• Jun 26, 2017

    Today the U.S. Supreme Court ruled in Trinity Lutheran Church of Columbia v. Comer that the state of Missouri must give taxpayer funding to a house of worship – a blow to our country’s fundamental principle of church-state separation.

    The Rev. Barry W. Lynn, executive director of Americans United for Separation of Church and State, issued the following statement:

    “This ruling undermines the bedrock principle that no American should be forced to support a religion against his or her will. The religious freedom protections enshrined in state constitutions are worth more than resurfacing a playground.

  • Jun 26, 2017

    The U.S. Supreme Court today announced that it will hear an appeal in Masterpiece Cakeshop v. Colorado Civil Rights Commission, the case of a Colorado baker who claimed his religious beliefs justified his refusal to serve same-sex couples.

    Americans United for Separation of Church and State said the high court should use the case to make it clear that religious-freedom claims don’t override antidiscrimination laws.

  • Jun 12, 2017

    The 9th U.S. Circuit Court of Appeals has ruled that President Donald J. Trump did not have the authority to issue his executive order restricting travel from several Muslim-majority countries.

    The court today upheld a preliminary injunction in State of Hawaiʻi v. Trump, a case in which Americans United for Separation of Church and State filed a friend-of-the-court brief that was joined by Bend the Arc: A Jewish Partnership for Justice; the Southern Poverty Law Center; seven Christian clergy members; and The Riverside Church in New York City.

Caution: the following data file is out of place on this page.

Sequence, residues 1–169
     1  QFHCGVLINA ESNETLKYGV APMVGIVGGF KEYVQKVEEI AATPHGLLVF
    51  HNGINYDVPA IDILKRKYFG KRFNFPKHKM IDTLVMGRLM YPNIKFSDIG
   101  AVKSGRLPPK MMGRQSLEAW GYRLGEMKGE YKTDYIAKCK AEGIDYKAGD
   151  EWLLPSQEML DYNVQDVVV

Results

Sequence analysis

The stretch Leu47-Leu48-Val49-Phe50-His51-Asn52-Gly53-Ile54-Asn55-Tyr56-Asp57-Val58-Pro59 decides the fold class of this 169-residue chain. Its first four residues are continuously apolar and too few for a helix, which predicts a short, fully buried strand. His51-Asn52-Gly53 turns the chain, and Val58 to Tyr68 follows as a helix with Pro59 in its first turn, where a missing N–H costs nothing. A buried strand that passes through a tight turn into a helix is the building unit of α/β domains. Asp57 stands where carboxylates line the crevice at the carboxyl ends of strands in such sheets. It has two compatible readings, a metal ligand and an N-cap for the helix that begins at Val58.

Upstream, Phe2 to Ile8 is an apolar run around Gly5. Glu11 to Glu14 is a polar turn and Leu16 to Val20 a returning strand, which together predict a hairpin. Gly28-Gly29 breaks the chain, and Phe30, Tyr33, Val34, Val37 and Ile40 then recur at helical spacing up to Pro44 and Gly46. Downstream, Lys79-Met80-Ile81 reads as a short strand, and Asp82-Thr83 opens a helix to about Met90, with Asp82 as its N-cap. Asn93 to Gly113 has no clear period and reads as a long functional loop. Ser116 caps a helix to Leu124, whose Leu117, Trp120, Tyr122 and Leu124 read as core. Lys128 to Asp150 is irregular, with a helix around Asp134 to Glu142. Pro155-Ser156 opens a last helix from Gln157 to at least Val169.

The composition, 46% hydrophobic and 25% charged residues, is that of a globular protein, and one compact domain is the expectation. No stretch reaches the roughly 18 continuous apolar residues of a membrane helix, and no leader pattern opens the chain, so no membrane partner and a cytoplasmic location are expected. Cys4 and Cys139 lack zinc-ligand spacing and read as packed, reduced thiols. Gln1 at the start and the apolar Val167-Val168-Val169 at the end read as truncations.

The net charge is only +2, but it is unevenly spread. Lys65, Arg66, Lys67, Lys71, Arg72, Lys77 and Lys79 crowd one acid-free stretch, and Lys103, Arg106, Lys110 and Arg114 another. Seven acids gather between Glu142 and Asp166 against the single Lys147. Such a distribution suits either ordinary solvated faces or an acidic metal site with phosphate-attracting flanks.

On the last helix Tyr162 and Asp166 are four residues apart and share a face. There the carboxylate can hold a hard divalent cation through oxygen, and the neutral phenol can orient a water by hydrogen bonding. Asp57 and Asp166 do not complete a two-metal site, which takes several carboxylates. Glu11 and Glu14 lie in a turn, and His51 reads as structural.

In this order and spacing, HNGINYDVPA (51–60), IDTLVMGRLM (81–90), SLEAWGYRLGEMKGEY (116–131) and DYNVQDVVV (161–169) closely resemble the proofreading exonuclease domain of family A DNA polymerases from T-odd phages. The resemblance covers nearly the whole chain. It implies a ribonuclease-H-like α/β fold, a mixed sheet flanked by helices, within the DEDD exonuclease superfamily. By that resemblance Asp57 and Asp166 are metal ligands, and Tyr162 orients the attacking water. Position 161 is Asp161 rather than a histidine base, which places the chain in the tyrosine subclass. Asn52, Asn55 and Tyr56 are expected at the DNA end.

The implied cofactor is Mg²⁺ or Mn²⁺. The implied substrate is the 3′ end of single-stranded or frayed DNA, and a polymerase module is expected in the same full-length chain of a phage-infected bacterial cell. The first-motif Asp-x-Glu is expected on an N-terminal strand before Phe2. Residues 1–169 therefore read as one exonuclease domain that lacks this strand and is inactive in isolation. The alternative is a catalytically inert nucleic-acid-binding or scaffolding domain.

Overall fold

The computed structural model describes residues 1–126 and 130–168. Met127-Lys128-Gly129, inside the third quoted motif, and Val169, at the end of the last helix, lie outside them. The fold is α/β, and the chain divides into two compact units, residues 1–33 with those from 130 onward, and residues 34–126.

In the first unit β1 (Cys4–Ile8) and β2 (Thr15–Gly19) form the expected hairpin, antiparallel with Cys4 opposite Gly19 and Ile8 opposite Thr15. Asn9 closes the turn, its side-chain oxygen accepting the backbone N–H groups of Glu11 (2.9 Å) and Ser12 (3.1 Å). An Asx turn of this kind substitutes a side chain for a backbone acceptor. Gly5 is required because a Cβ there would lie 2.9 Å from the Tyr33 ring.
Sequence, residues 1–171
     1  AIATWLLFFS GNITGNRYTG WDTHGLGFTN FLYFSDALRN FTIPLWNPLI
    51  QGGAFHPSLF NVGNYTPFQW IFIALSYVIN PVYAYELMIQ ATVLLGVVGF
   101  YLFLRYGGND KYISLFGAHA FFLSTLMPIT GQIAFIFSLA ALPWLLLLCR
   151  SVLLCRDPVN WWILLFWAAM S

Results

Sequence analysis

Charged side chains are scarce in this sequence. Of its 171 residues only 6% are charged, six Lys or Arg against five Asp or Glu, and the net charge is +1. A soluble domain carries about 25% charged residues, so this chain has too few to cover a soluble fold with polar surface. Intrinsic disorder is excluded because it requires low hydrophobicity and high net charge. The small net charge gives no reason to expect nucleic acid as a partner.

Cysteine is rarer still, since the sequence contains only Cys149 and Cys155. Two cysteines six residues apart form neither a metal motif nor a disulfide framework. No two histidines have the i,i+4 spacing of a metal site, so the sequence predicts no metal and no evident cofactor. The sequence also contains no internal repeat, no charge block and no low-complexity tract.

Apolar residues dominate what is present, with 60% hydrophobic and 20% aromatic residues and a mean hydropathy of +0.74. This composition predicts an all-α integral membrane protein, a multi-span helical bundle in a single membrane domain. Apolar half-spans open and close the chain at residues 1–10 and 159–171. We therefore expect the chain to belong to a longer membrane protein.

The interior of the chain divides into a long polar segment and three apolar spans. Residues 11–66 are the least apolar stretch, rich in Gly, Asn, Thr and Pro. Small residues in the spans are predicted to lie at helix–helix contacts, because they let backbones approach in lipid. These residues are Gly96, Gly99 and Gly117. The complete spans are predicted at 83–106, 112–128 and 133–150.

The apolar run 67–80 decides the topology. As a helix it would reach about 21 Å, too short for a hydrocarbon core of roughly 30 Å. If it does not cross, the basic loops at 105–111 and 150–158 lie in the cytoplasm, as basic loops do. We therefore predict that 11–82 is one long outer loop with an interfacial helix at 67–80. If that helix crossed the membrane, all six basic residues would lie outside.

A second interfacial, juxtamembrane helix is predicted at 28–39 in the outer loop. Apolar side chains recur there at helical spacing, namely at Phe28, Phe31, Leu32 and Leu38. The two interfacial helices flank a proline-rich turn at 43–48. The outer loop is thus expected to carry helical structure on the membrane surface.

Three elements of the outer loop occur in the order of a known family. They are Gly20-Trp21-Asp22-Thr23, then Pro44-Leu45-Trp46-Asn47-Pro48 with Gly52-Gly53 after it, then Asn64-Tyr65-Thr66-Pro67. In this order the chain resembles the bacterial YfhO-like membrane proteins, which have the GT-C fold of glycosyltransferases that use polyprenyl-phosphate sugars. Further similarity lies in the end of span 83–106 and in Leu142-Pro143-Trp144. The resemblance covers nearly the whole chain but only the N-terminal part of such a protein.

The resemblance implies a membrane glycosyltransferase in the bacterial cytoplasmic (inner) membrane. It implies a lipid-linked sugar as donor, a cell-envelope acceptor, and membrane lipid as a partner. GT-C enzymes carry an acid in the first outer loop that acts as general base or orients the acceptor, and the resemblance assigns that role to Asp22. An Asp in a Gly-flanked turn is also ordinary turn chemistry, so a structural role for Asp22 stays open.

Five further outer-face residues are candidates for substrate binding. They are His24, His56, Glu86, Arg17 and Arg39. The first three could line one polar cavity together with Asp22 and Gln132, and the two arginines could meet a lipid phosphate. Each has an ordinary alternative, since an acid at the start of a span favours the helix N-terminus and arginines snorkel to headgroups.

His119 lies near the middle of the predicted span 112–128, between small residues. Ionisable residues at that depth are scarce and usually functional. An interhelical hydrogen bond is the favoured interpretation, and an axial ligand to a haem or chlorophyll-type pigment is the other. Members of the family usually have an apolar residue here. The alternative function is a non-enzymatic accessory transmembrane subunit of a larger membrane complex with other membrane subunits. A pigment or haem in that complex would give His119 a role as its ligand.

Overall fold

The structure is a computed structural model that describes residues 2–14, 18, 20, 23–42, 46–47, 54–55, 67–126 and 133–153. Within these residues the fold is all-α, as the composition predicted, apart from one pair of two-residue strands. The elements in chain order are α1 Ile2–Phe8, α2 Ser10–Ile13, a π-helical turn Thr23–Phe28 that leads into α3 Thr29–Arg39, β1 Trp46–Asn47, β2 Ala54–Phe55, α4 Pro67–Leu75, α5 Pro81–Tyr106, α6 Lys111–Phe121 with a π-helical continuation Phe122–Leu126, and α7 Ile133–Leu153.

• Jun 05, 2017

    The U.S. Supreme Court’s ruling today in a trio of cases concerning pensions at religiously affiliated hospitals could jeopardize the financial security of hundreds of thousands of workers, says Americans United for Separation of Church and State.

    The high court ruled 8-0 that religiously affiliated hospitals don’t have to comply with the Employee Retirement Income Security Act (ERISA), a federal law designed to protect employee pensions. Houses of worship are exempt from ERISA, and a number of religiously affiliated hospitals claimed they should be as well.

  • May 31, 2017

    The Trump administration plans to issue new regulations that could allow any employer to refuse to cover birth control in their employees’ health care plans by citing religious or moral objections.

    Richard B. Katskee, legal director of Americans United for Separation of Church and State, responded:

    “Religious freedom is a fundamental value, but it doesn’t give anyone the right to discriminate against others or make medical decisions for them. Access to safe and affordable birth control is critical to women’s health and equality. Using religion as an excuse to jeopardize women's access to basic health care is discrimination, plain and simple. If the rule is made final, we will fight it at every turn.”